One thing I love about Far Eastern cultures is the symbolism of things. Wiki tells me that the following things are symbolic at Chinese New Year and are popular decorations. I’ll try and get as many as I can to decorate with!

[Plum Blossom symbolises luck]
[Kumquats symbolise prosperity]
[Narcissus symbolises prosperity]
[Sunflower means to have a good year]
[Eggplant to heal all your sickness]
[Koi Fish symbolises surplus or success]

Red is the predominant colour used in Chinese New Year celebrations. Red is the emblem of joy and symbolises virtue, truth and sincerity. The sound for the Chinese word for red is “hong” in Mandarin and “hoong” in Cantonese which also means prosperous. Therefore the colour red is both and auspicious colour with an auspicious sound.

With all the symbolism and decoration covered, it’s time for the food! But of course, my research teaches me that even the food has symbolism…here are some photos of Chinese food to give us inspiration on what to prepare for a Chinese banquet at home!

Noodles represent a long life; an old superstition says it is bad luck to cut them.

Spring rolls symbolise wealth because their shape is similar to gold bars.

A food may have special significance during Chinese New Year because of the way the Chinese word for it sounds. For example, the Cantonese word for lettuce sounds like rising fortune, so it is very common to serve a lettuce wrap filled with other lucky food.

Tangerines and oranges are passed out freely during Chinese New Year as the words for tangerine and orange sound like luck and wealth, respectively.

Fish also play a large role in festive celebrations. The word for fish, “Yu,” sounds like the words both for wish and abundance. As a result, on New Year’s Eve it is customary to serve a fish at the end of the evening meal, symbolizing a wish for abundance in the coming year. For added symbolism, the fish is served whole, with head and tail attached, symbolizing a good beginning and ending for the coming year.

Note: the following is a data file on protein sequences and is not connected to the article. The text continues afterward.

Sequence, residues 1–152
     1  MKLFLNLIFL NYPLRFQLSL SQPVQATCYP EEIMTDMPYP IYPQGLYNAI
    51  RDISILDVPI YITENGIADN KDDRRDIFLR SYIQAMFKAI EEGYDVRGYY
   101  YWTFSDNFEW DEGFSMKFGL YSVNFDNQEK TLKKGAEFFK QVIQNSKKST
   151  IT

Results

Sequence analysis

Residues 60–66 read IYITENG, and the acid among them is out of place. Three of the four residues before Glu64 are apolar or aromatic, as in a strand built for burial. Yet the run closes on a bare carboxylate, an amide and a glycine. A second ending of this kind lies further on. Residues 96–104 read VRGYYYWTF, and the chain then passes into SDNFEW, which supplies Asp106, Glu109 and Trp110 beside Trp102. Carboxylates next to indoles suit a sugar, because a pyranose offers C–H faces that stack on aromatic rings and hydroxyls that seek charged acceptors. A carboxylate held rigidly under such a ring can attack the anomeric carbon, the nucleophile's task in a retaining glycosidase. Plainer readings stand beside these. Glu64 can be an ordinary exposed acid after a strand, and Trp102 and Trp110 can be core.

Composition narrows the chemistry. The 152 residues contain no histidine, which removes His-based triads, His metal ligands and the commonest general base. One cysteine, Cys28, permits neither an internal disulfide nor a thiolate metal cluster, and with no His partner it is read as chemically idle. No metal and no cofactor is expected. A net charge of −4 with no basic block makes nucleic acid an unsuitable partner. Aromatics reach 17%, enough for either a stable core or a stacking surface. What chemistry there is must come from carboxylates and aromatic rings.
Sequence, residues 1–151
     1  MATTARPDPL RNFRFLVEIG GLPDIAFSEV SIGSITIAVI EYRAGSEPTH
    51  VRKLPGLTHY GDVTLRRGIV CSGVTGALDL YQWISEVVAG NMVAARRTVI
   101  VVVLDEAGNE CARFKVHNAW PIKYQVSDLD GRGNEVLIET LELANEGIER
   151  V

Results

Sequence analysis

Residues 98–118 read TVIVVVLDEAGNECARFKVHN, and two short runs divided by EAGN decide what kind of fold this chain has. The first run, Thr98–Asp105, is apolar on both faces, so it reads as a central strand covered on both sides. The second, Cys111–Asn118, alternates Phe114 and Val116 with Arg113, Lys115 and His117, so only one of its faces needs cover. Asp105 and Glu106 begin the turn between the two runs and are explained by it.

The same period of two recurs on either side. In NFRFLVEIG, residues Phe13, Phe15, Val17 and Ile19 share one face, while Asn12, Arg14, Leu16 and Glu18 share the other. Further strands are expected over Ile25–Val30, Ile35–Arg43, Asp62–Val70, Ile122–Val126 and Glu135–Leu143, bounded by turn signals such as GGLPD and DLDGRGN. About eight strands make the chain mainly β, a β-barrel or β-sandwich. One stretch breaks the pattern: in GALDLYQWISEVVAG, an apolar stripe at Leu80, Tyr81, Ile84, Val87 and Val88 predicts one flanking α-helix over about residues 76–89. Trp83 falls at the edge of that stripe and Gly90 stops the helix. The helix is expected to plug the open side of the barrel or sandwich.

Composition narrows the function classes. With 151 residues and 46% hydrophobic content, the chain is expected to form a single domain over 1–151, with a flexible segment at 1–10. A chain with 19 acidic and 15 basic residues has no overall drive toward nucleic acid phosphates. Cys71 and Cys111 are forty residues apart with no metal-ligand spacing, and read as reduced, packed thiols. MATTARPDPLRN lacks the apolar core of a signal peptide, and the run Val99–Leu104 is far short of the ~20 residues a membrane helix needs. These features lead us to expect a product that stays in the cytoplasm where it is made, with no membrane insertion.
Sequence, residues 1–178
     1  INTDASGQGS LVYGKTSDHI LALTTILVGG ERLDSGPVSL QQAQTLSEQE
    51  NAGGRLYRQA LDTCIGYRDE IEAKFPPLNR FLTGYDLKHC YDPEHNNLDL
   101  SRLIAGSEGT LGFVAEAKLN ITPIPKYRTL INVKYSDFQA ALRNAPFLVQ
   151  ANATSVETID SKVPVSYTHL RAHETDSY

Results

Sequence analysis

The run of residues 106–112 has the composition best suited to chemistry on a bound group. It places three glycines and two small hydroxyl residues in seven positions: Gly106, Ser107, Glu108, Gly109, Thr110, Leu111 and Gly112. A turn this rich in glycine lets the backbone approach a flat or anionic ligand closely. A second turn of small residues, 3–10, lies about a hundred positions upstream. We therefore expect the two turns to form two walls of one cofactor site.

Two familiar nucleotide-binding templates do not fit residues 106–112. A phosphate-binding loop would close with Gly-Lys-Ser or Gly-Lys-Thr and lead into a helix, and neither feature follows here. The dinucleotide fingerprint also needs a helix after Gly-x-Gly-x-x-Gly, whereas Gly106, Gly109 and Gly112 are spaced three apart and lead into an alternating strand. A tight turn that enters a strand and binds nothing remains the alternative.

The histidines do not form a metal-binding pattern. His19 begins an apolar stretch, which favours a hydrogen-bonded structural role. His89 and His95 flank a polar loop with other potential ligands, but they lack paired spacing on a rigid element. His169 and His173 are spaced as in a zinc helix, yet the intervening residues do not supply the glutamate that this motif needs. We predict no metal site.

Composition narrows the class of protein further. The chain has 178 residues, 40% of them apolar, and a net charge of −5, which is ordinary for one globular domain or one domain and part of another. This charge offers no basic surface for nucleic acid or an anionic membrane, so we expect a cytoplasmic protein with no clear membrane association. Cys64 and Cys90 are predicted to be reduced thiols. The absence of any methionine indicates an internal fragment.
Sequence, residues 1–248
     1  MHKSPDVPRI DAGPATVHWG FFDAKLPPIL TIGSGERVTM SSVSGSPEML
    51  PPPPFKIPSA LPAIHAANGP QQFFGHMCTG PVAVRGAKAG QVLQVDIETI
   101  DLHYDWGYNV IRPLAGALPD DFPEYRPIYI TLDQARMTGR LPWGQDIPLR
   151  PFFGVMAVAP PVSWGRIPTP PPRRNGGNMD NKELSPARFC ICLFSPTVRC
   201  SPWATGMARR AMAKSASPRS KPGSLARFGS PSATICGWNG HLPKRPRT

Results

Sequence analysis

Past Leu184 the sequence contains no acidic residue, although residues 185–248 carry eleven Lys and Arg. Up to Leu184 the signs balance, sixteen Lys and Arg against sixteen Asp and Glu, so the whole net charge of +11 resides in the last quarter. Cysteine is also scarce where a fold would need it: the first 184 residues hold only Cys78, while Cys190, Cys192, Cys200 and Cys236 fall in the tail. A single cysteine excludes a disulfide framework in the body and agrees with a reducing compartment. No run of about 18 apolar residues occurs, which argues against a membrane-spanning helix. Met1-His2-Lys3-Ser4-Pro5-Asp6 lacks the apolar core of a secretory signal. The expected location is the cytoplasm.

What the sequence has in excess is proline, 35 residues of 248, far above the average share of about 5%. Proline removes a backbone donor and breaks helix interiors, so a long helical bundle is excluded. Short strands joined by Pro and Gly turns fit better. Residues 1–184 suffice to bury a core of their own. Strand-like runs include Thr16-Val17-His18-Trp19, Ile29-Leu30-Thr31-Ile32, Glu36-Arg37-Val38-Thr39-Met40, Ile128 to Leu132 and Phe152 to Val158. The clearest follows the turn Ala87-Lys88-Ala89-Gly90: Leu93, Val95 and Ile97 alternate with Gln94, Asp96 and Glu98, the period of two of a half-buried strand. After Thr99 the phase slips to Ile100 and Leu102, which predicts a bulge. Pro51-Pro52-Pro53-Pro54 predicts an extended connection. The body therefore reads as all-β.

Cakes such as Sticky Rice Cake have symbolic significance on many levels. Their sweetness symbolizes a rich, sweet life, while the layers symbolize rising abundance for the coming year. Finally, the round shape signifies family reunion.

Dumpling symbolise family togetherness. They also represent wealth and prosperity because of their crescent shapes, which look like the ancient Chinese money. In preparing these goodies, a gold coin is placed inside one of the dumplings and whoever bites into it is considered lucky.

Wow, I never thought when I started typing this that I would actually go so deeply into the customs of the Chinese New Year, I figured I’d find some photos, put them up and post done…but in doing this post I’ve gained lots of knowledge about the Chinese New Year and been given lots of interesting ideas for decoration and foods.

And now, let me re-share with you some of the photos from my own Chinese New Year celebrations in 2012 – my year, the Year of the Dragon :)

I kept to a very vibrant colour theme of red and gold…I made invitations and menus and place names…I loved how everything looked together! And my table looked even better than I had hoped!

I had bought lots of dragon decorations from Chinatown and popped some money into lucky red envelopes. Just seeing these photographs I’m reminded of what a great dinner party it was :)

Since it was a banquet, I made a lot of dishes – and they were all so tasty! You can find all the recipes in the blog post where I rounded the party up; I invite you to take a look at that post and try some out!

Kung Po Chicken
Sweet & Sour Pork
Chicken Chow Mein
Jasmine Iced Tea

To round off this post, here are some photos for even more ideas to celebrate Chinese New Year with your friends and family.

Will you celebrate Chinese New Year? It’s a great excuse to get in the kitchen and try your hand at some Chinese cooking. I love the reds and golds of Chinese New Year, and you know, I may just have to throw a party ;)